Designing An Anti-Tebow

Editor’s Note: This article was written before the Broncos were eliminated from the playoffs,  but since our Crusade Bowl had already been set for Feb. 3, 2013, Tebow is still on track.

One of the great advantages of living thousands of miles away from America is that I find it easier to insulate myself from the more annoying and pervasive aspects of American culture. When my students ask me what music is popular in America nowadays, I can smile and honestly answer, “I have no idea.” I recently came across a news site with a photo of an attractive young girl named Selena Gomez. I have no idea why she’s famous – or if she’s over 18 – and I’m probably better off not knowing either.

The same thing goes for sports. I haven’t watched ESPN in twelve glorious months. I haven’t been exposed to Skip Bayless’s leathery goblin mug in years – though it still haunts my nightmares. Through the miracle of the internet, I can follow my teams and bypass the ESPN hype machine altogether.

I have, however, learned that a gentleman in Denver named Tim Tebow has garnered some measure of national attention. I first became aware of him during his college career. Though I’m a maniacal sports junkie, I can no more than casually follow college football, land of the BCS (a.k.a. the closest thing Americahas to the Chinese Communist Party) and Jerry Sandusky. Still, the kid was clearly a great college QB. I heard snippets of his personal life – his missionary father, his awe-inspiring virginity[1]– mostly from a Sports Illustrated article where his father, Pastor Bob Tebow, recounts the miraculous story of his birth. (Spoiler Alert: his parents don’t get the abortion.)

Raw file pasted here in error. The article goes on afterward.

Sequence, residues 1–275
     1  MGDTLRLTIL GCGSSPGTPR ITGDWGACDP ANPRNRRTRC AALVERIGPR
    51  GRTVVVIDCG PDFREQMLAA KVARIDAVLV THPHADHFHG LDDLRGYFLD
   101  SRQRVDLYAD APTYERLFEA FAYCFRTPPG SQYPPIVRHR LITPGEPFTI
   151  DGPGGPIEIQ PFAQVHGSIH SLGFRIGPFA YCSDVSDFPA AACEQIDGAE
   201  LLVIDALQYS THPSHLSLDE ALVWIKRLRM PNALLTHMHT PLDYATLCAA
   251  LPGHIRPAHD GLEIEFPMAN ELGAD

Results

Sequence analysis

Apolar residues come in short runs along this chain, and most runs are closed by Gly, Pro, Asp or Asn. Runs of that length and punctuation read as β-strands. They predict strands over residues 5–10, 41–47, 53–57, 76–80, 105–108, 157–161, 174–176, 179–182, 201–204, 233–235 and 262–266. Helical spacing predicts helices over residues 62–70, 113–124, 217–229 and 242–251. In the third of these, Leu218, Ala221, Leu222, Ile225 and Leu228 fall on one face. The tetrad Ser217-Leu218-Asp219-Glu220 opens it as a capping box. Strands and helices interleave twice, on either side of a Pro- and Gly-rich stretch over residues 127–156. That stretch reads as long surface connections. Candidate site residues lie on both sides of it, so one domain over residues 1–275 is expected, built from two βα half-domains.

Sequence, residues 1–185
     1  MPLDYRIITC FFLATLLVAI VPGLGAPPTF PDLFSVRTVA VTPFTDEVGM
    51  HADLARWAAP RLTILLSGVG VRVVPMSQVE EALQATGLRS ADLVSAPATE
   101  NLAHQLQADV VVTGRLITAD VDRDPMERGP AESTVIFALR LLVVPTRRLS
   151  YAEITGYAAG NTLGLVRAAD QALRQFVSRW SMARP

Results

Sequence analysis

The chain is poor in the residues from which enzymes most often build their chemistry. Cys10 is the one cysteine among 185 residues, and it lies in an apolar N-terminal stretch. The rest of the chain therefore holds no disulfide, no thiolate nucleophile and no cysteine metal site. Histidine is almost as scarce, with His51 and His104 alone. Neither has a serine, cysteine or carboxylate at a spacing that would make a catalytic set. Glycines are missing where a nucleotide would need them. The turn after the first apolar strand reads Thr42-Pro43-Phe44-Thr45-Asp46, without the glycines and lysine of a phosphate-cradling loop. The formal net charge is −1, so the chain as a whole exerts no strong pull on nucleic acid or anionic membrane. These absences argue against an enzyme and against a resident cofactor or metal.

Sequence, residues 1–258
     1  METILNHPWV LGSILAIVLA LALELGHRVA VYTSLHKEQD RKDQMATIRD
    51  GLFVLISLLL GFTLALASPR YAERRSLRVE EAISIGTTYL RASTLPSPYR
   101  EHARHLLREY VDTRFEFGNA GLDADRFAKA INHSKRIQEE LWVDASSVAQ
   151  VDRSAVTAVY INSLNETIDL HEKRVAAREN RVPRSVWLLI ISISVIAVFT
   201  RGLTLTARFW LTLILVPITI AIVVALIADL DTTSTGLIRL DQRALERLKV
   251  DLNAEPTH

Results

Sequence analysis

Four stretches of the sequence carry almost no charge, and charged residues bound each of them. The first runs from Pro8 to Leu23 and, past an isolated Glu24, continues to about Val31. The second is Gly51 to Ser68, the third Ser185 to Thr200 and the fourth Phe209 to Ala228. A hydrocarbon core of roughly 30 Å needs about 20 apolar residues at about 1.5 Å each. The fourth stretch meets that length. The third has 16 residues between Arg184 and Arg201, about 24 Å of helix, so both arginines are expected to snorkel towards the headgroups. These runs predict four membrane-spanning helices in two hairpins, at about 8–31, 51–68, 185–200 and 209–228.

Now Tebow has joined with that most American of hype machines, the NFL.[2] Now, I’m a Giants fan, and I try to keep my football interests as Giants-related as possible. Since the Broncos never played the Giants this season I paid him little mind, but the sheer volume of Tebocity has been mind-boggling. Still, I valiantly stuck to my Giants news blogs, in a vain attempt to avoid being dragged headlong into the fray. Unfortunately, one day I happened to stumble upon a Tebow article by one of my favorite writers, Charles P. Pierce.

Money quote:

To call Tim Tebow a “Christian,” and to leave it at that — as though there were one definition of what a “Christian” is — is to say nothing and everything at once. Roman Catholics are Christians. So are Lutherans, Episcopalians, Melkites, Maronites, and members of the Greek and Russian Orthodox faiths. You can see how insidious this is when discussion turns to the missionary work that Tebow’s family has done in the Philippines. This is from the Five Priorities of the Bob Tebow ministries, regarding its work overseas: